Grinch is in the House
When it comes to government spending, officials have a couple of choices. You can go the Reno-Sparks way and tighten the belt temporarily. Sparks recently put the smack down on purchases, construction and hiring. Reno plans to trim its budget by a modest 3 to 5 percent. This sounds like a reasonable move.
It makes another kind of sense for government to spend money to boost the economy. If that money gets spent in areas that help the average taxpayer, all the better.
Enter federal lawmakers. Given the go-ahead to stimulate the economy by spending some $75 billion or so, as President Bush first recommended, the Republicans and Democrats whipped out their Christmas wish lists.
The results were what you’d expect.
Democrats in the Senate Finance Committee last week passed their $67 economic-stimulus package that includes $14 billion in rebate checks for those who pay only payroll taxes, $14 billion to extend unemployment benefits by 13 weeks and to extend the benefits to part-time workers who previously didn’t qualify for help, and $6 billion to subsidize 75 percent of health care premiums for unemployed workers under the federal COBRA program.
Republicans want to spend much more—$100 billion this year and another $140 billion over five years. They want the money to go to different needy groups, like IBM, General Motors and Dynegy Inc.'s recently acquired Enron Corp., the giant oil and gas brokerage.
The Republicans’ stimulus package, which passed Oct. 24 in the House by a vote of 216 to 214, would dole out $115 billion in tax breaks to big businesses and wealthy taxpayers. It would reserve only about $14 billion in tax rebates and unemployment benefits for poor or moderate-income families.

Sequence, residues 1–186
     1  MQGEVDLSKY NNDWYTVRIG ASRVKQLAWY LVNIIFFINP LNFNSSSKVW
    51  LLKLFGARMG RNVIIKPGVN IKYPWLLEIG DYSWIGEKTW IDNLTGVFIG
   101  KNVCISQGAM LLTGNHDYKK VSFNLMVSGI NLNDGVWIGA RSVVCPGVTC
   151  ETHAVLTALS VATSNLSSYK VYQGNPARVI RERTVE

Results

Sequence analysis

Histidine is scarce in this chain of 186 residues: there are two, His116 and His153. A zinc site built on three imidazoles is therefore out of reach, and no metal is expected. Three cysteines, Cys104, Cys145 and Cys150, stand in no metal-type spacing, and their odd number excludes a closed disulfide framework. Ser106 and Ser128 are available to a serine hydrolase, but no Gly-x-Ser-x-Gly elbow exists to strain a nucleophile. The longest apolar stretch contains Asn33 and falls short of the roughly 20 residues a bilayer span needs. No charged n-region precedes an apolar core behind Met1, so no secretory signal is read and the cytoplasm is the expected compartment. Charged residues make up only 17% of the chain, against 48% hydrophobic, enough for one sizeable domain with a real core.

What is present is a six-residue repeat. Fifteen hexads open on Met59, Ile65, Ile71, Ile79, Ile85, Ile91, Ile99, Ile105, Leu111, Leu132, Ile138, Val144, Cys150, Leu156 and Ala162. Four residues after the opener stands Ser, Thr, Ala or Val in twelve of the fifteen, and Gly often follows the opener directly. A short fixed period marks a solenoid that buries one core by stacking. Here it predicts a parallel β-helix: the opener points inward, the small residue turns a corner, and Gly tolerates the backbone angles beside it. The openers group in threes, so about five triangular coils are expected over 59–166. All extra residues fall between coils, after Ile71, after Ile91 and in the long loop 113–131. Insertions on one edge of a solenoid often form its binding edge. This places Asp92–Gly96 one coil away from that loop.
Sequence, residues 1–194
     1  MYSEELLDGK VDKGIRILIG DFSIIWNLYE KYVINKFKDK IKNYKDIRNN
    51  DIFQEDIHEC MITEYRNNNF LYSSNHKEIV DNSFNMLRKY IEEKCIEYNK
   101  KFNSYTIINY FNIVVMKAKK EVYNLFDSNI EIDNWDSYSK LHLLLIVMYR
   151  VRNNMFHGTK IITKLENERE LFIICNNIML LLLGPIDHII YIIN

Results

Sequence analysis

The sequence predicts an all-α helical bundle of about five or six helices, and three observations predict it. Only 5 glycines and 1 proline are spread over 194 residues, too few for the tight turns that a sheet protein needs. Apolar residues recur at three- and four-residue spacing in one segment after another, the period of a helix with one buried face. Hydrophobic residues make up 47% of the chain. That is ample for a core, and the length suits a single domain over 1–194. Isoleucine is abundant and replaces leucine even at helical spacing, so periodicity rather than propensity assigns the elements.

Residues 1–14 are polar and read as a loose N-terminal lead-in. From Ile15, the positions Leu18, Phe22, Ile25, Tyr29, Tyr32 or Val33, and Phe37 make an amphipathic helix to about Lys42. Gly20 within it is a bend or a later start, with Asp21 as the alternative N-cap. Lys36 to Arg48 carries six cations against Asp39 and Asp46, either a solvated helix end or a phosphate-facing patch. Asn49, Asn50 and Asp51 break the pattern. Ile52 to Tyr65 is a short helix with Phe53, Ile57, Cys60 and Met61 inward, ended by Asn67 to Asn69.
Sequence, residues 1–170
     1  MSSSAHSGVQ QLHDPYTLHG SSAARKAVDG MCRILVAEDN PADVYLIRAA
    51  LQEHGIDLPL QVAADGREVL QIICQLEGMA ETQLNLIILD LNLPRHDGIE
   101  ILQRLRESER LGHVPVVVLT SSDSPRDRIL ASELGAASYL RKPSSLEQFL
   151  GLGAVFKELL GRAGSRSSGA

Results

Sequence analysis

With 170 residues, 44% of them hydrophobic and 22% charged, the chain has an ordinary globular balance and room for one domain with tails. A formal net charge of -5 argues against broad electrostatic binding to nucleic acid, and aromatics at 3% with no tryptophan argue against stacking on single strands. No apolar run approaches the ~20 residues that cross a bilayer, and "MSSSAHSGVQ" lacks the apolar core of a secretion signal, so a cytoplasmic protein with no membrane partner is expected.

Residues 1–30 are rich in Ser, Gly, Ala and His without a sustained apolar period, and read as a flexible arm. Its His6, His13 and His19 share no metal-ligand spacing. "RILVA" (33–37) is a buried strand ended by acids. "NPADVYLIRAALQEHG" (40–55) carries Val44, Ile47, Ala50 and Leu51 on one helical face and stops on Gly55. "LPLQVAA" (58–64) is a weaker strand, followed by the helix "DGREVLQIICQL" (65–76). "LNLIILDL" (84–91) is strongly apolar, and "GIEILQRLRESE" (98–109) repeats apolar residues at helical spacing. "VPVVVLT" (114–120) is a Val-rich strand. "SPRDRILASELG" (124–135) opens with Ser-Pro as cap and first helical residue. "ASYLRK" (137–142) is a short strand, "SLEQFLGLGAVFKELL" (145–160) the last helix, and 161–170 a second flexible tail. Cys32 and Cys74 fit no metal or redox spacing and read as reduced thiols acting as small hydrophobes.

“What’s more, the money given to corporate America is given without conditions—not tax credits tied to investments, but handouts more likely to end up in the CEO’s Christmas bonus than back in the economy,” writes syndicated columnist Arianna Huffington, who calls the bill “Operation Enduring Avarice.”
The Republicans’ bill would allow multinational corporations like General Electric and Ford Motor Co. to avoid paying taxes by shifting profits to offshore subsidiaries and keeping the profits overseas. How’s that going to help this nation? No word on that yet.
The bill’s “most grotesque feature,” writes Hendrik Hertzberg in this week’s New Yorker, not only gets rid of an alternative minimum tax on corporate income, its retroactive feature forces the U.S. Treasury to return taxes collected for the past 15 years. IBM would get a check for $1.4 billion; Ford would get a billion; General Motors would get $833 million.
Though it’s disguised as patriotism, this is blatant profiteering, an unconscionable move when so many people are facing a truly dismal holiday season. The list of public needs is long, Hertzberg writes, from national and regional security to public health to education.
“Stimulating the economy by seriously tackling these needs would gird the country’s loins and fit its somber and selfless mood,” he says.